I’ve always felt sympathy for the small-part player, the unsung hero that is the supporting actor. They turn up regularly on stage, television and films, becoming instantly recognisable through their sheer workload, yet fame eludes them. One cinemagoer in ten thousand would be able to name them.
So here’s to the legacy of Geoffrey Keen, who had minor roles in over one hundred films, many of them personal favourites of mine. An underestimated character actor, he was rather self deprecating about his work, whilst admitting that “it’s a very exciting thing to get a mediocre part and give it a third dimension – to make a character a real chap instead of being cardboard.”
So prodigious was his workload that I’ve sometimes been convinced he appeared in films even when the opening credits suggested otherwise. In any event, as I’ve said before – and for better or worse – this is my website so Mr keen gets a look-in.
Roger Moore, who starred alongside Keen in several Bond movies and an an episode of ‘The Saint,’ recalled a discussion he had with the actor in the 80’s in his 2014 memoir “One lucky bastard – Tales from Tinseltown.”
Keen had been at home, sitting at his writing desk, when his plumber popped into the study. A bunch of english actors from the 1920s and ’30s, including Laurence Olivier, had just died, one right after the other.The plumber eyed Keen and said, “You’re an actor, aren’t you, sir?” “Indeed I am,” Keen replied. “Well, you lot are dropping like f - - kin’ flies!”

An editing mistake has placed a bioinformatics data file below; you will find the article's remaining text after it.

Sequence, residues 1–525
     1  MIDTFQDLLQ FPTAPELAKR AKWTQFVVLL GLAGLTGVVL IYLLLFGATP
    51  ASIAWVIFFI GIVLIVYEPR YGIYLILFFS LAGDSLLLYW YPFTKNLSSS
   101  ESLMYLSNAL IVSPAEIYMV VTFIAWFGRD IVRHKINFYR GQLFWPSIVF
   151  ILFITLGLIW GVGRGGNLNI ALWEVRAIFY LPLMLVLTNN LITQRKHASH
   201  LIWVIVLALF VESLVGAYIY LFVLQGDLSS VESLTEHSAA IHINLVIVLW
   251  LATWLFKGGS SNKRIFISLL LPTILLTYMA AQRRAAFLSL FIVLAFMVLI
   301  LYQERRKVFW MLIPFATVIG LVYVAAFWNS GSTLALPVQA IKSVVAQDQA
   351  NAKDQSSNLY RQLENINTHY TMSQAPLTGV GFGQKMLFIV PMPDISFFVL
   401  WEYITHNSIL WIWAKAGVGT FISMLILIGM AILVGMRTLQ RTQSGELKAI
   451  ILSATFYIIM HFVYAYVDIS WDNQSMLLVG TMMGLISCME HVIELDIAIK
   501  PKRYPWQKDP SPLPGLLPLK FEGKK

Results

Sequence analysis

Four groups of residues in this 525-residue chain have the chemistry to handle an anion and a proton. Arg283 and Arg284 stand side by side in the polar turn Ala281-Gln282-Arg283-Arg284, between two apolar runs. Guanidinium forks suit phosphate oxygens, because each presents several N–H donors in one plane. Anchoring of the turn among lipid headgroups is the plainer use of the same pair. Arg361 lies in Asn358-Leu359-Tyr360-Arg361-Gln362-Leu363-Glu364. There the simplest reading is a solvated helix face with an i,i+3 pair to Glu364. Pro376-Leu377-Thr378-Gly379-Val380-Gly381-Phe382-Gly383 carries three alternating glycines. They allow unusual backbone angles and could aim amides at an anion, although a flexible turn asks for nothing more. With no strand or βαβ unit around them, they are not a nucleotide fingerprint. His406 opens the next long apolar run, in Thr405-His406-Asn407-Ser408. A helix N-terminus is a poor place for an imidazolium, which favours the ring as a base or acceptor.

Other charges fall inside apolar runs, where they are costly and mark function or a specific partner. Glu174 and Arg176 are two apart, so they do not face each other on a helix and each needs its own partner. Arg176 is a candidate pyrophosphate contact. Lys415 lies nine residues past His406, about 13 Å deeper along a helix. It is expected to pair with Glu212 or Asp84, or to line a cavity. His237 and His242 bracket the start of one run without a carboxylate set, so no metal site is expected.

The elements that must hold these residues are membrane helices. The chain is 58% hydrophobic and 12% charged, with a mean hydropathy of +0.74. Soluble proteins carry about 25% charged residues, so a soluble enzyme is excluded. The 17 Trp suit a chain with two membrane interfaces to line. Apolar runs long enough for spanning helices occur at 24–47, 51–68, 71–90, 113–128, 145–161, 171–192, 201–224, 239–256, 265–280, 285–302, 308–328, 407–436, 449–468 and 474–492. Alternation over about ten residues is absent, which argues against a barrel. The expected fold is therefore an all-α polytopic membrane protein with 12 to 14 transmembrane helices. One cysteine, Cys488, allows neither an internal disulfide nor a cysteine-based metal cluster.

Born Geoffrey Knee in London in 1916, he had a difficult childhood. His mother and father, Malcolm – a stage actor also seen in films as doctors, detectives and aristocrats – split up before his birth. (Father and son both changed their surname to Keen by deed poll.)
He and his mother moved to Bristol, where he attended the city’s grammar school and worked briefly in a paint factory, before joining the Little Theatre there and spending a year in repertory productions, making his stage début as Trip in Sheridan’s The School for Scandal (1932) at the age of 16.